Malwarebytes, which provides a widely used anti-malware program, says that users of its “Premium” active scanning service were protected from the helpdesk system attack as the command-and-control server the malware was called from was already on their blocklist; it may have been known to other antivirus and antimalware companies as well.

Video game platforms have been of increasing interest to hackers, for a variety of reasons. And the targets are not necessarily individual gamers. For example, North Korea’s state-backed Lazarus hacking group recently pulled off a record-setting heist involving the pioneering NFT game Axie Infinity. However, the game provided a unique opening into the Ronin bridge network used to pass cryptocurrency, which is what the hackers were really after. Over the pandemic period hackers also showed an increased interest in the C-suite executives of gaming companies; this is due to a combination of a perception of lax security at these firms, remote work being common, and the possibility of leveraging gamer accounts as a means of initial access.

As the recent Rockstar attack also demonstrates, hackers are interested in the protected source code of games, which can be auctioned for potentially millions of dollars on the dark web. Buyers are interested in code even for games that have already been released, looking to use it to create “cracks” that bypass digital rights management protections and sell bootleg copies. This scenario happened to developer CD Projekt SA in early 2021 when the source code to their hit title “The Witcher 3” and the then-forthcoming Cyberpunk 2077 was stolen and reportedly sold at a dark web auction for $7 million to an unknown buyer. EA also saw the code for its FIFA 21 game stolen, and it was also reportedly put up for auction on the dark web.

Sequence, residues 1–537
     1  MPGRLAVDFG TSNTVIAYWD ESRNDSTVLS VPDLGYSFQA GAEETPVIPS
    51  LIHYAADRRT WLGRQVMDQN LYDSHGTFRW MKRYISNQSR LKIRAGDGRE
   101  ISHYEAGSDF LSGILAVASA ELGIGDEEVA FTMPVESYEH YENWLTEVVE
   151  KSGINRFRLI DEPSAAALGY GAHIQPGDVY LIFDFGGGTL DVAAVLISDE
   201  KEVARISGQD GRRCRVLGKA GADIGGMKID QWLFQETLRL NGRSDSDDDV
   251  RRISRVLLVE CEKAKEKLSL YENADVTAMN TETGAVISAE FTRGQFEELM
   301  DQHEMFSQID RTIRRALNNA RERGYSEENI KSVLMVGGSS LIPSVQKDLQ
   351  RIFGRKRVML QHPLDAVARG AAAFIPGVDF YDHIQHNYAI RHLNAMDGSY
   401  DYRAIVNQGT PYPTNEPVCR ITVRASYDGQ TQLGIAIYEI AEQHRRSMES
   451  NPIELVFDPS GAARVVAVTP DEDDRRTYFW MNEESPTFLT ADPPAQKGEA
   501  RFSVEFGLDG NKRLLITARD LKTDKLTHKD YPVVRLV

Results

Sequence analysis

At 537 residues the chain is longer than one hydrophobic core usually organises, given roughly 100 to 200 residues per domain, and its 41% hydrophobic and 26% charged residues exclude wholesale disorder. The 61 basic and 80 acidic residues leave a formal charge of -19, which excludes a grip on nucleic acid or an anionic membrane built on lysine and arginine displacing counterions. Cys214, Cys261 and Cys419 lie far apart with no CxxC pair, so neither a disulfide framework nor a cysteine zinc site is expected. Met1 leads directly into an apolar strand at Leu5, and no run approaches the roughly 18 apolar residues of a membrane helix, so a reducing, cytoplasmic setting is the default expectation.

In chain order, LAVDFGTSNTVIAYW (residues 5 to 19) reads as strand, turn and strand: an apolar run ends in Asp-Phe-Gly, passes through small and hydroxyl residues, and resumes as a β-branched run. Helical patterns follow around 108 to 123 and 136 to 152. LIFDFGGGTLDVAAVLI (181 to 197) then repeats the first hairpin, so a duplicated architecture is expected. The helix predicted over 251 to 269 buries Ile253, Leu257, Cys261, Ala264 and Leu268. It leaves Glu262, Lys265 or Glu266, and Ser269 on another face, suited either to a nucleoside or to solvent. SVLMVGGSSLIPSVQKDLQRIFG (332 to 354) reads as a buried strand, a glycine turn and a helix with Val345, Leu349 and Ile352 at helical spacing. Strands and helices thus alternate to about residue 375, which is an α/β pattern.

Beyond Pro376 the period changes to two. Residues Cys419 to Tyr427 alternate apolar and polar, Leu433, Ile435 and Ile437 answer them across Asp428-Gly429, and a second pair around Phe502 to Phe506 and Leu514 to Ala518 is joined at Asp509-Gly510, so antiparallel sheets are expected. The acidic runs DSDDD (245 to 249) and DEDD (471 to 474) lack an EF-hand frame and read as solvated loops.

Surja Chatterjea, Head of Product and Alliances at Skybox Security, elaborates on this increasing risk to video game companies: “Earlier this year, Skybox Research lab found that crypto jacking and ransomware programs increased by 75% and 42%, respectively. Video gaming platforms have now become the target of threat actors, as the widely popular 2K Games and Rockstar Games have both suffered breaches this week. The 2K attack was a result of threat actors utilizing RedLine Stealer malware to gain access to a wide range of sensitive data, such as browser history and credentials.”

“To stay ahead of cybercriminals, companies must address vulnerability exposure risks before threat actors can exploit them. That means taking a more proactive approach to vulnerability management by learning to identify and prioritize exposed vulnerabilities across the entire threat landscape. Organizations should also ensure they have solutions capable of quantifying the business impact of cyber risks with economic impact factors. This will help them identify and prioritize the most critical threats based on the size of the financial impact, among other risk analyses such as exposure-based risk scores. They must also enhance the maturity of their vulnerability management programs to ensure they can quickly discover whether or not a vulnerability impacts them, how urgent it is to remediate, and what options are there for said remediation,” noted Chatterjea.